Skip to Content

AA/PPS 02.01.30 - Distance Education Courses and Programs

Distance Education Courses and Programs

AA/PPS No. 02.01.30 (2.16)
Issue No. 1
Effective Date: 10/28/2015
Next Review Date: 9/01/2020 (E5Y)
Sr. Reviewer: Director, Distance and Extended Learning & Associate Vice President for Academic Affairs

  1. GENERAL INFORMATION

    1. Texas State University (Texas State) is committed to maintaining a well-designed and effective process for developing and implementing academic courses and programs, regardless of instructional modality. This process is guided by policies and procedures found in AA/PPS No. 02.01.01, Academic Credit Courses: Additions, Changes, and Deletions, and AA/PPS No. 02.01.10, Academic Programs: Additions, Changes, and Deletions. The purpose of this PPS is to provide definitions, expectations, and support for the development of courses and programs to be delivered via distance education.

    2. Faculty members have primary responsibility for the content, quality, and effectiveness of the curriculum as implemented in a variety of instructional modalities. In conjunction with faculty, academic program coordinators, department chairs, school directors and college deans, the Division of Academic Affairs is responsible for coordinating the development and implementation of distance education at the university, maintaining compliance with federal, state, institutional policies and regulations related to distance education, identifying new distance education opportunities, and coordinating with units to ensure quality and continuous improvement.

    3. This PPS conforms to the rules and regulations of The Texas State University System Board of Regents (BOR), the Texas Higher Education Coordinating Board (THECB), and the Southern Association of Colleges and Schools Commission on Colleges (SACSCOC).

  2. DEFINITIONS

    1. Academic Program Coordinator – For each major within a degree program, the academically qualified faculty member responsible for ensuring that each program contains essential curricular components, has appropriate content and pedagogy, and maintains currency in the field. The academic program coordinator for a distance education program should also have experience with distance education.

    2. Best Practices Checklist – A self-assessment based on the Principles of Good Practice for Academic Degree and Certificate Programs and Credit Courses Offered Electronically, as well as on established quality measures for distance courses affirmed by national best practices, SACSCOC, and THECB. The Best Practices Checklist must be completed every three years by faculty members teaching distance education courses and serves as an indicator that the highest quality instructional materials and services are delivered to students.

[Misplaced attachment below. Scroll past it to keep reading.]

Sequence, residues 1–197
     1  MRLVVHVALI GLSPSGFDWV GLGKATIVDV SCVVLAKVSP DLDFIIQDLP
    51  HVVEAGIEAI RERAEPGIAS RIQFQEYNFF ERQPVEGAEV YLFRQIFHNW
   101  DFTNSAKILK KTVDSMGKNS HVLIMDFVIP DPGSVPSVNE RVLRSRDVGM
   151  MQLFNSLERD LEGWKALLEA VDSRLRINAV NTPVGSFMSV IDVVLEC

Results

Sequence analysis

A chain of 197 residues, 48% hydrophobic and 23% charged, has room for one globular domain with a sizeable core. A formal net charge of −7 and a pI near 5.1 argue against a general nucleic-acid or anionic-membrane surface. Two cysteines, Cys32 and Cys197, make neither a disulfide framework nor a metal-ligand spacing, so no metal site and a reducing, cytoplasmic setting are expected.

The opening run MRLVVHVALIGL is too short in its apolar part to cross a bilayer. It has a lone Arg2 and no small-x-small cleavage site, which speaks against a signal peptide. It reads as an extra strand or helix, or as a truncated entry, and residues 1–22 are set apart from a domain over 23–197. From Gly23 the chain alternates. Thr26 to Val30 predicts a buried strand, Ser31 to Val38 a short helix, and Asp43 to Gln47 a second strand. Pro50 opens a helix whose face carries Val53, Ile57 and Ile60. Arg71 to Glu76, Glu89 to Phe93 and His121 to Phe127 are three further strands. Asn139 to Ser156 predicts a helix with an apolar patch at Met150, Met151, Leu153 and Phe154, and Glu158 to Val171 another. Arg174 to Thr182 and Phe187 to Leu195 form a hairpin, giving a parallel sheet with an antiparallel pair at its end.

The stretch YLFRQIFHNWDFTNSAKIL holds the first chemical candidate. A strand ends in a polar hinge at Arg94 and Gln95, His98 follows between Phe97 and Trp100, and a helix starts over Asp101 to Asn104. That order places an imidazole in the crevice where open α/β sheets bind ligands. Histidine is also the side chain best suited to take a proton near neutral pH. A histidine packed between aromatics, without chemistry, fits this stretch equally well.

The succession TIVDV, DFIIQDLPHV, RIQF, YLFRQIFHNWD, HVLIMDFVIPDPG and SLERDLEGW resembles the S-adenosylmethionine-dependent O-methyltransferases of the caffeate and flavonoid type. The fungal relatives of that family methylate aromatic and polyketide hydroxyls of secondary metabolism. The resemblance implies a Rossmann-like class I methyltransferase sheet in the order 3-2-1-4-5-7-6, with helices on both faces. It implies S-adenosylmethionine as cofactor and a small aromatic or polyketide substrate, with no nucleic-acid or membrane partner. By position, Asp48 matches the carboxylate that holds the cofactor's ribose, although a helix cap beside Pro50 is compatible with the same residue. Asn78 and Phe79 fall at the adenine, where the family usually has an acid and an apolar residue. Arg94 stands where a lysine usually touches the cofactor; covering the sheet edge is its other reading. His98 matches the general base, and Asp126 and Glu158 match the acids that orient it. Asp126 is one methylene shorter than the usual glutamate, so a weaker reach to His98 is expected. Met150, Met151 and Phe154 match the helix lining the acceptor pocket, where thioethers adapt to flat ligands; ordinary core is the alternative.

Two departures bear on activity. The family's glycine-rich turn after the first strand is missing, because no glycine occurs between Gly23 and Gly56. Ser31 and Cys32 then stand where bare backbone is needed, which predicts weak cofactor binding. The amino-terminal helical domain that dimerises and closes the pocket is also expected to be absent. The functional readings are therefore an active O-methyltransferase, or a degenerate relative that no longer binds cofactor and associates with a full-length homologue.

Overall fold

3. Distance Education – The formal educational process that occurs when students and faculty members are not in the same physical setting for the majority (more than 50 percent) of instruction (interaction between students and faculty members and among students). Instruction may be synchronous or asynchronous. In Texas, online distance education, aka “electronic to individuals,” is divided into two categories, fully online and hybrid/blended.

    4. Distance Education Course – An academic credit course in which a majority (more than 50 percent) of the instruction occurs when the student(s) and instructor(s) are not in the same physical setting. An online distance education course may be delivered synchronously, asynchronously, or a combination of the two. The two categories of online distance education courses are coded in the schedule of classes:

    5. Fully Online Course – A course in which mandatory face-to-face sessions total no more than 15 percent of the instructional time and where 85 to 100 percent of the content is delivered online. Examples of face-to-face sessions include orientation, laboratory, exam review, or an in-person test.

    6. Hybrid/Blended Course – A course in which more than 50 percent but less than 85 percent of the planned instruction occurs online.

    7. Distance Education Program – An academic program in which a student may complete a majority (more than 50 percent) of the credit hours required for the program through distance education courses. Two categories of online distance education programs are defined:

      1. Fully Online Program – A program in which 85 to 100 percent of the curriculum is delivered online.

      2. Hybrid/Blended Program – A program in which more than 50 percent but less than 85 percent of the curriculum is delivered online.

    8. Electronic Delivery – A mode of delivery for distance education courses and programs using electronic telecommunication technology systems. This includes broadcast TV, video, Internet, interactive video, or any combination of these systems.

    9. Faculty Member – An instructor of record with the responsibility for teaching a particular academic course, regardless of that person’s academic rank, e. g., associate professor, senior lecturer, graduate teaching assistant, or lab assistant.